JUL 08, 2016 3:12 PM PDT

Chameleons Have Spit Up to 400 Times Stickier Than Ours

WRITTEN BY: Anthony Bouchard

Chameleons are amazing creatures because of the unique ability they have stowed away in their tongues.
 

Chameleons don't have manners; they just fling their tongues to capture prey.

 Image Credit: National Geographic

Acting a projectile, a chameleon’s tongue exits the mouth at such a high rate of speed that if you compared it to a car, it could travel from 0-60 miles per hour in 1/100th of a second.
 
You’ve probably seen footage of a chameleon using its tongue as a slingshot to capture prey, and there’s a reason they’re able to do this.
 
As pointed out in research conducted by a team led by Pascal Damman from the Université de Mons in Belgium, which involved measuring the viscosity of the saliva in a chameleon’s mouth, they found that chameleon saliva is approximately 400 times stickier than human saliva.
 
The team’s full findings are published in the journal Nature Physics, anything within a third of a chameleon’s body weight can be plucked by the creature’s tongue.
 
“This unexpectedly large mucus viscosity strongly suggests that the prey sticks to the chameleon’s tongue through viscous adhesion,” the research team said.
 
The sticky saliva, paired with the shape of the tongue, allows the lassoed projectile to grab adequately-sized prey and snag it right into the lizard’s mouth with insane accuracy.
 
The following video, shared to the team’s YouTube channel, shows a chameleon using its oddly-shaped tongue and sticky saliva to capture a cricket:
 


 
Because the tip of the tongue has a larger surface area than most tongues, anything that gets hit by it is going to stick to it far better than it would to a normal-shaped tongue.
 
Having this highly capable tool packed away in their mouths, all a chameleon has to do is sit and wait until its prey comes to it, and then it can launch its tongue from its mouth without even moving to eat when it’s hungry.
 
Truly fascinating, to say the least!

Source: The Verge, National Geographic

About the Author
  • Fascinated by scientific discoveries and media, Anthony found his way here at LabRoots, where he would be able to dabble in the two. Anthony is a technology junkie that has vast experience in computer systems and automobile mechanics, as opposite as those sound.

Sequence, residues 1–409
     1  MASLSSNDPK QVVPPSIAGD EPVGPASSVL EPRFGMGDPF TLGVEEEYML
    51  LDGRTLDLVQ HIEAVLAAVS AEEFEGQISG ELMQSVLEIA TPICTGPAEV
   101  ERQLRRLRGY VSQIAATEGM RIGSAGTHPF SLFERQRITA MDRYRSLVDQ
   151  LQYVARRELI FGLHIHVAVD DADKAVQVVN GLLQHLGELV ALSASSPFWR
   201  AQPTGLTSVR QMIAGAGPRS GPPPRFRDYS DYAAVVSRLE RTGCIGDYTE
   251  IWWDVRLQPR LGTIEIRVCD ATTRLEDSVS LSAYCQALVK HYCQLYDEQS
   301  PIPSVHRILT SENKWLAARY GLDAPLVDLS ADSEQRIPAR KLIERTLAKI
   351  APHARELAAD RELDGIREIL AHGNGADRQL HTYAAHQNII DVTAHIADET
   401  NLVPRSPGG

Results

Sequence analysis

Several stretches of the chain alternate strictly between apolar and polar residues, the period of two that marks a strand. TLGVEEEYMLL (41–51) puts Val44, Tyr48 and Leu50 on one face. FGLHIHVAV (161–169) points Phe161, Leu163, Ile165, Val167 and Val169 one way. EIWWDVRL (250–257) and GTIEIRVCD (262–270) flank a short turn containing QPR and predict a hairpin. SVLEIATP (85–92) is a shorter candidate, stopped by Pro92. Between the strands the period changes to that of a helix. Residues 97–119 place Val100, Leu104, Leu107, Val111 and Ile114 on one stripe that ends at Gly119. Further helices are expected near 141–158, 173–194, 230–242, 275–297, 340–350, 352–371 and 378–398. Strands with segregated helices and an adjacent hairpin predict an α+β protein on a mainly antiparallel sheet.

You May Also Like
DEC 29, 2020
Space & Astronomy
How Do Spiders Behave in Zero Gravity?
DEC 29, 2020
How Do Spiders Behave in Zero Gravity?
The International Space Station (ISS) is a treasure trove of scientific intrigue. But it's not just life-saving drug ...
JAN 12, 2021
Earth & The Environment
What will become of the sharks?
JAN 12, 2021
What will become of the sharks?
What will be the future of sharks? These animals that have been around for 450 million years are in danger, threatened b ...
JAN 21, 2021
Cell & Molecular Biology
A Practical Reason Why Cats Love Catnip
JAN 21, 2021
A Practical Reason Why Cats Love Catnip
Cats love catnip and silver vine; the cat-attracting plants are treats that make cats excited and happy. Big cats also f ...
FEB 19, 2021
Earth & The Environment
Where is fern diversity most prevalent in the world and why should we care?
FEB 19, 2021
Where is fern diversity most prevalent in the world and why should we care?
Why are some areas of the world more biodiverse than others? In an effort to understand what factors contribute to the u ...
FEB 23, 2021
Clinical & Molecular DX
Dogs Versus AI-Powered Diagnostic Devices-Who Won?
FEB 23, 2021
Dogs Versus AI-Powered Diagnostic Devices-Who Won?
We’ve heard of dogs sniffing out cancer—an unsurprising skill given that they have over 200 million scent re ...
MAR 07, 2021
Plants & Animals
What's Terroir and Does Whiskey Have It?
MAR 07, 2021
What's Terroir and Does Whiskey Have It?
Terroir is a term usually associated with wine; it describes the environmental characteristics like climate and soil tha ...
Loading Comments...